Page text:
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I have a great high end HP Workstation with 6-TB (4 Independent HD's) I would like to add the latest Linux os desktop and Ubuntu 12.04 - in addition to the 2 Windows 7 OSs I have, and if possible to add Windows XP Pro as well.

Is there any Boot OS management software out there, of any kind, for this - I have not done much research on this, and I understand this is not common, but I hope to find some useful answers here if possible. I am looking for a simple way to be able to dual, triple and quadruple boot. I had 3 Win 7 bootable at startup - but not with other different OS's. Is there any kind of software for this? Your feedback is greatly appreciated.

This all came about when I got the new 3TB Seagate internal HD and as it turns out I can only see 2TB and not all 3TB. For many years I have been a Seagate user and find their Hard Drives to be very solid, reliable and durable - yet this became a challenge because the "patches" did not solve the issue to expand the additional space on the drive. It turns out I would have to use Raid+AHCI instead of IDE and upgrade the Bios - very annoying and even more annoying - I would not be able to have my other bootable Win 7 os's appear because they were created in IDE's environment.

After all that I realized the performance was not going to be that much different and so I switched back to IDE's environment and ended up returning the 3-TB HD and got two new 2-TB Hard Drives instead and installed my new Win 7 os on one of the new 2-TB HD's - I can see both Win 7 Bootable OS's at startup which is great - So now I am curious to know if is there anyway for me to install Win XP Pro, Linux and or Ubuntu 12.04 in addition to my existing Win 7 OS's on my additional internal hard drives? If so what software is available for this? Any feedback would be great.

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Please keep the question section free of tips and answers –  Sathya Jul 18 '12 at 8:17
    
The problem with the 3TB is because of your motherboard. There was nothing wrong with Seagate HDD, you simply did not do enough research ahead of time, furthermore Windows XP would have had a problem supporting it anyways. –  Ramhound Jul 18 '12 at 16:02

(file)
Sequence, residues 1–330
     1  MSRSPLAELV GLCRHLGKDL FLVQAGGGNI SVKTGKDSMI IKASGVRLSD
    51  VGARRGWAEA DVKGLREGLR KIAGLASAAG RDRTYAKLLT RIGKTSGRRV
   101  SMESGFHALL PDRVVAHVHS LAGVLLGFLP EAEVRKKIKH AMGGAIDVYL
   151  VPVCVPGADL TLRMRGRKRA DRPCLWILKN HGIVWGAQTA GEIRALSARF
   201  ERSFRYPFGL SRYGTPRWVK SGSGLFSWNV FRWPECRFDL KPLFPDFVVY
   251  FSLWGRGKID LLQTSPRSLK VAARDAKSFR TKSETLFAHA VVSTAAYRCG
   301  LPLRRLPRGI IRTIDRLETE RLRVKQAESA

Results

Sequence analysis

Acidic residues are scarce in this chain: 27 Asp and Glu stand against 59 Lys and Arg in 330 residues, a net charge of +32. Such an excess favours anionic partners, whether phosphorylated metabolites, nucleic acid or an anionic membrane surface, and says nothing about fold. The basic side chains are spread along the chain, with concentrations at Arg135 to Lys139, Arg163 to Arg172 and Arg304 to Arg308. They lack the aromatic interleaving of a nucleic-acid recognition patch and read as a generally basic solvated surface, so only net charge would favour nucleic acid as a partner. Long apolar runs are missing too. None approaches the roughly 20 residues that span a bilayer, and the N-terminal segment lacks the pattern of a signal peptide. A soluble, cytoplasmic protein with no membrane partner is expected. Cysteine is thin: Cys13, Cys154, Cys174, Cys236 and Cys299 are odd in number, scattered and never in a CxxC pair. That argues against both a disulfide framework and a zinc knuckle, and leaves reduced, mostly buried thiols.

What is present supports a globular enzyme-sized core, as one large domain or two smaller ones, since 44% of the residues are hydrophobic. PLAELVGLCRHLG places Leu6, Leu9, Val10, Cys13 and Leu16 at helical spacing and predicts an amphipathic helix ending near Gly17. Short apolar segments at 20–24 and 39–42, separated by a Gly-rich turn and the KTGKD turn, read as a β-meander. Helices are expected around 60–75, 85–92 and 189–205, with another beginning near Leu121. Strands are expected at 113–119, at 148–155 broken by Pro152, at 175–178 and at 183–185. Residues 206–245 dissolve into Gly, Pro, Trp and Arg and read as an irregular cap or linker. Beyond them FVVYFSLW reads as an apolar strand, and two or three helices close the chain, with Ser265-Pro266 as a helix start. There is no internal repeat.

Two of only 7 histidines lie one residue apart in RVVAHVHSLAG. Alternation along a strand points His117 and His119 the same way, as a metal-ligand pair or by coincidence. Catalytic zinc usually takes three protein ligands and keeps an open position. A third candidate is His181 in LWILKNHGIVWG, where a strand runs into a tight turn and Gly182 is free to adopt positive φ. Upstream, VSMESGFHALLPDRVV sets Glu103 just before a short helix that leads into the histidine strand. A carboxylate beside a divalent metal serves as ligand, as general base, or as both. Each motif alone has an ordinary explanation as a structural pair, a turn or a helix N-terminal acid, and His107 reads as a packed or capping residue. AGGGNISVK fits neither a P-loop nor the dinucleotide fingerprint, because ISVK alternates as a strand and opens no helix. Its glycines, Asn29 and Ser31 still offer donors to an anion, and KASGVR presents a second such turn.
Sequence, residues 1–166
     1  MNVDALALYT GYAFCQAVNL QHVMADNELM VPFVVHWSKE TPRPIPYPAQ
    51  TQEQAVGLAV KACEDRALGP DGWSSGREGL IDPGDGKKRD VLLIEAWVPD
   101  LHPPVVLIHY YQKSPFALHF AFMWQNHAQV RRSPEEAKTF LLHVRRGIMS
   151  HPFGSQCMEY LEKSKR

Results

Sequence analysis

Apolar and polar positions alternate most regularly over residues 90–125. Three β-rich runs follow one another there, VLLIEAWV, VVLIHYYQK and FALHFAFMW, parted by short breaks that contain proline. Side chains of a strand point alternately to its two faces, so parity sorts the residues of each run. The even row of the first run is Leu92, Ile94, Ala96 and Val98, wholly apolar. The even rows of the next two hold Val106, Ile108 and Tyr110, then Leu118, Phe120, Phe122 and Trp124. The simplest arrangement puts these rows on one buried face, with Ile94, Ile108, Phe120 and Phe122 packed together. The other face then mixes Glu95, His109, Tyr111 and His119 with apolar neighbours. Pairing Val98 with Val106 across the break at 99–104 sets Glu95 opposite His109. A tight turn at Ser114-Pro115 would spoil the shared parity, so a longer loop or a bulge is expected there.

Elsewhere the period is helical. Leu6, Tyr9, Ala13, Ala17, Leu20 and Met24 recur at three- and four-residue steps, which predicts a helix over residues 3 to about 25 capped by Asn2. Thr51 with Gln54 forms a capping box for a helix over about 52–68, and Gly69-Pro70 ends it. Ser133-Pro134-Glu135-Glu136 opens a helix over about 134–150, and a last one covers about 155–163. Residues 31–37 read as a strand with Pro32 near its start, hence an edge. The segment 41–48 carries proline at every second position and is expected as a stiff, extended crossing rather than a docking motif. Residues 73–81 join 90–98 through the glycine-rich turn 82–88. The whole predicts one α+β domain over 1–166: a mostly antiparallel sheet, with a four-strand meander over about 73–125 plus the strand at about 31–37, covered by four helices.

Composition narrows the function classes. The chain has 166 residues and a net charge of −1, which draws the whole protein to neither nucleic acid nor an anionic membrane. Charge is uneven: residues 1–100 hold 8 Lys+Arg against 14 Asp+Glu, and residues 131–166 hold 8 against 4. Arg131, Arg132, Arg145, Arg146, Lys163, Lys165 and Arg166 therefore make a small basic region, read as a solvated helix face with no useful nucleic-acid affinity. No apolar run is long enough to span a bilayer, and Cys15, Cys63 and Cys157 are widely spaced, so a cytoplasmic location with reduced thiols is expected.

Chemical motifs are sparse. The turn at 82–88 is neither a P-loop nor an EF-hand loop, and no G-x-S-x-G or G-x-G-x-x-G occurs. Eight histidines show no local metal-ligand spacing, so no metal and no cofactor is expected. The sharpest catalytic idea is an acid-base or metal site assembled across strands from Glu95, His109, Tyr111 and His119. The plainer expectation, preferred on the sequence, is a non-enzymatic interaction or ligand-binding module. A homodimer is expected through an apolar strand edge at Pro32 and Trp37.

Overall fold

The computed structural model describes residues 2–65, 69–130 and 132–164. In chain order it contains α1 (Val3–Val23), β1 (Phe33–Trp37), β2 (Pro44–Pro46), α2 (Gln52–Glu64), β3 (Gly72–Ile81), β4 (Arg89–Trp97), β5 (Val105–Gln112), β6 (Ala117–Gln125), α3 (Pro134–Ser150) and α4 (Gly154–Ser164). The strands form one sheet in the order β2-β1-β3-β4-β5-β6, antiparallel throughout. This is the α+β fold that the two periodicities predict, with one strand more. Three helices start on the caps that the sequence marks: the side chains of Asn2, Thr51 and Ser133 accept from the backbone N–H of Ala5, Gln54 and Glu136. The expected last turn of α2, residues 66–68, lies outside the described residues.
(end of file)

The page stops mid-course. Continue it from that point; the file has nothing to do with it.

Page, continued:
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closed as not a real question by Diogo, Mokubai, DragonLord, soandos, Randolph West Jul 19 '12 at 4:23

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1 Answer

You cannot access drives >2.1TB with a standard BIOS using LBA since that uses 32bit addressing. However, there are a number of alternatives.

You can use an increased (non-standard) block size or 64bit LBA (which Linux certainly supports).

However, to cater to less informed OS's, a new mechanism has been proposed to support larger capacity disks across OS's. This is called "GUID Partition Table" (GPT). This replaces the Master Boot Record. Unfortunately though, your BIOS needs to understand this mechanism. In addition, when using SATA, the SATA controller also needs to understand.

So if you have purchased the hardware in the last year or so, it is highly likely that it will support drives >2.1TB but older hardware may not.

Additionally, you need to make sure that you are using software that understands GPT when manipulating the partitions.

Of course, the easiest approach is to have a boot drive(s) of <2TB and reserve larger drives for data only.

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